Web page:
Dissecting Apple’s Lala threat
If you don't think there's a bigger play in motion, then you don't know Apple.
Since launching in 2003, iTunes Store, to the labels, has been a welcome bulwark against what would have otherwise been even more chronic decline. It now contributes over a quarter of U.S. music sales. But, in a North American music market that’s now shrinking faster than anywhere in the world, digital income has now basically flatlined, growing just 1.1 percent in 2009, says the industry’s IFPI.
If the digital music industry is flatlining, it's time for innovation to spark some growth.
Enter Lala – or at least some of the capabilities of Lala, including the prospect of subscription access to unlimited music based not on your PC or your mobile device, but in the "cloud" and streamable to you wherever you are and on whatever device you choose (except for a traditional radio of course).
Many observers think this is an advance over the a-la-carte model of iTunes which is, well, so 2001.
While all-you-can-eat music services are not new (Rhapsody, Spotify, Mog and more to come), having one attached to the sizable heft of the iTunes store and its 125 million user accounts IS new.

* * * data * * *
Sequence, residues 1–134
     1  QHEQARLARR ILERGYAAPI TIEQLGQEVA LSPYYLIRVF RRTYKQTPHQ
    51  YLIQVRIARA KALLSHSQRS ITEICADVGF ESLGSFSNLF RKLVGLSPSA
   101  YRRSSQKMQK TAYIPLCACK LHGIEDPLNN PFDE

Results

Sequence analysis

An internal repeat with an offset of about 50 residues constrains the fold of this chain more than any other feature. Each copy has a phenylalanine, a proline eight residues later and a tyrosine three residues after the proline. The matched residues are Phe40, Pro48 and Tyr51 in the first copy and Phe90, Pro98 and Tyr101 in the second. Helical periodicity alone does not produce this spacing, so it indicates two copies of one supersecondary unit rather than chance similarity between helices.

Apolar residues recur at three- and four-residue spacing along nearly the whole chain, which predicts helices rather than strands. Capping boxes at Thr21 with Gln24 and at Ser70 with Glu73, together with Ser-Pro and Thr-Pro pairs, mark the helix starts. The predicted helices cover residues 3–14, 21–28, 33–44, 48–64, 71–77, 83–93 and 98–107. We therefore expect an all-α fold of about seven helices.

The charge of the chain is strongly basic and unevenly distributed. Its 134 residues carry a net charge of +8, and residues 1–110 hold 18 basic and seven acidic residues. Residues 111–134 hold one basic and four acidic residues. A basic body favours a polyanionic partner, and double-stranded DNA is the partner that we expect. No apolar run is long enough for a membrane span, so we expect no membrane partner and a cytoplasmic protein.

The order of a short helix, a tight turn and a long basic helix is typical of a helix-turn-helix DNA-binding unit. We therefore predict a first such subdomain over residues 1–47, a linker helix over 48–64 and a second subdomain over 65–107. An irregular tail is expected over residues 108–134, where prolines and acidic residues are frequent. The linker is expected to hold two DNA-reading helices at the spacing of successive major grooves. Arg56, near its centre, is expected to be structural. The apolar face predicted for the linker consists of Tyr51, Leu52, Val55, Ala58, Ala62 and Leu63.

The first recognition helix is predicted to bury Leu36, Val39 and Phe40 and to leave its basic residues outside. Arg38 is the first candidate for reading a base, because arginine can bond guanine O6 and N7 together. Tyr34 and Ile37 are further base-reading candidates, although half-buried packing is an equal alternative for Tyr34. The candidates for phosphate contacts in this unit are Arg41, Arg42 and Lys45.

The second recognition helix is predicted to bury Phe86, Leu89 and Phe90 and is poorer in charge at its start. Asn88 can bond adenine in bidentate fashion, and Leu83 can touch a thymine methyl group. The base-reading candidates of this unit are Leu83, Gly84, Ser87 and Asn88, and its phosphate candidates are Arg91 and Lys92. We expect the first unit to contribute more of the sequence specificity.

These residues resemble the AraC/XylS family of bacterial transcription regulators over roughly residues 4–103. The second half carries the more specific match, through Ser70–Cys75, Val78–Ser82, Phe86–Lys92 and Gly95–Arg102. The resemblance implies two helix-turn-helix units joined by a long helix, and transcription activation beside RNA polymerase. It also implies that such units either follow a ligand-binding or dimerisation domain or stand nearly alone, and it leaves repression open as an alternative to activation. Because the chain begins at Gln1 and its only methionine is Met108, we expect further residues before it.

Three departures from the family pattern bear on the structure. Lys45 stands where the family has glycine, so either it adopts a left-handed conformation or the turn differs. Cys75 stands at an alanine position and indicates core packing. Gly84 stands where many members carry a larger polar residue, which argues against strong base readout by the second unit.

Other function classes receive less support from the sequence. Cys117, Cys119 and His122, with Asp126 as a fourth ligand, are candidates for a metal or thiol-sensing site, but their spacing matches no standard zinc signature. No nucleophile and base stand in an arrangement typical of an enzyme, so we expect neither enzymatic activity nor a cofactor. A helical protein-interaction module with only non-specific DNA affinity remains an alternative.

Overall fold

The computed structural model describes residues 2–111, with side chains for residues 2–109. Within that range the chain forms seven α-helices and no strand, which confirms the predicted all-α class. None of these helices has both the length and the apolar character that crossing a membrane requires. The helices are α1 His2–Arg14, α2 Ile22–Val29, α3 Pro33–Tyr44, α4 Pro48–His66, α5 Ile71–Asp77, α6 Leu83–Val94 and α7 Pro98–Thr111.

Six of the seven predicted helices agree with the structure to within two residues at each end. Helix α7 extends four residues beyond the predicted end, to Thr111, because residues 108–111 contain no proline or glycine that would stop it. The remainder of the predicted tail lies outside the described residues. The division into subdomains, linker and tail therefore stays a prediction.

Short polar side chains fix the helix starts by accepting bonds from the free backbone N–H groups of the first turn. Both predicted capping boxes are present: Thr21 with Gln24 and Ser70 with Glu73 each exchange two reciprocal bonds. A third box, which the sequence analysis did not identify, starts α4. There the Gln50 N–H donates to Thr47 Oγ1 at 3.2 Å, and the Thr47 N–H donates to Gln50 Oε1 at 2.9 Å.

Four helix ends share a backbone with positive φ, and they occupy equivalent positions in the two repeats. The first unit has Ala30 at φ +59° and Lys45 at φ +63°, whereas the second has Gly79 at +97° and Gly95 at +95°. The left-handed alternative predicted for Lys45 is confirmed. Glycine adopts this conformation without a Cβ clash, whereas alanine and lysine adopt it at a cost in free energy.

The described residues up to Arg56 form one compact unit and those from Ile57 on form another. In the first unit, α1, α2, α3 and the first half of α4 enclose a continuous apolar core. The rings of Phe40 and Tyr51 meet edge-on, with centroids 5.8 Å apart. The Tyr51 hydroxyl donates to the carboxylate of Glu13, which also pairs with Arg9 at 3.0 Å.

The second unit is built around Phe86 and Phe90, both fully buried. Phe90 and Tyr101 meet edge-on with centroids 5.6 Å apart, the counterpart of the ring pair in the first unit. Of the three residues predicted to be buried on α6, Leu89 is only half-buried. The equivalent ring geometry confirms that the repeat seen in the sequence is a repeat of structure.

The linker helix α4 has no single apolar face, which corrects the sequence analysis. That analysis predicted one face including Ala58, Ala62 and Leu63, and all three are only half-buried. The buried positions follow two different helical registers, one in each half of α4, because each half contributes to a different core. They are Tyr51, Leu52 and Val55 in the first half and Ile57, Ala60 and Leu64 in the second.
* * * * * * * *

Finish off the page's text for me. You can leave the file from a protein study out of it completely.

As PaidContent says,
Flipping them from occasional, one-off payments to recurring debits of, say, $9.99 a month, could create yet another massive new income stream for Apple, which has already introduced recurring subscriptions to its mobile apps.
So what does all this mean for radio, you ask?
More of the same, I'd say.
More alternatives to the radio options already squeezed trimmer by satellite radio and Pandora and the rest.
More reasons to try something new with a value proposition that's different, if not better, than radio's.
Yes, radio remains free. But its fundamental value isn't just in its free-ness, it's in its ease of use and its ubiquity. And nobody understands elegance, ease of use, and ubiquity better than Apple.
Is it worth a monthly fee to skip over free radio – even free Pandora – or overpriced and clunky, non-personalized satellite radio?
That depends on what Apple offers.
And, frankly, it depends on what radio offers.
In case you think all of these new options will not cannibalize radio to one degree or another, I have a question for you:
How many minutes can you add to a 60-minute listening hour?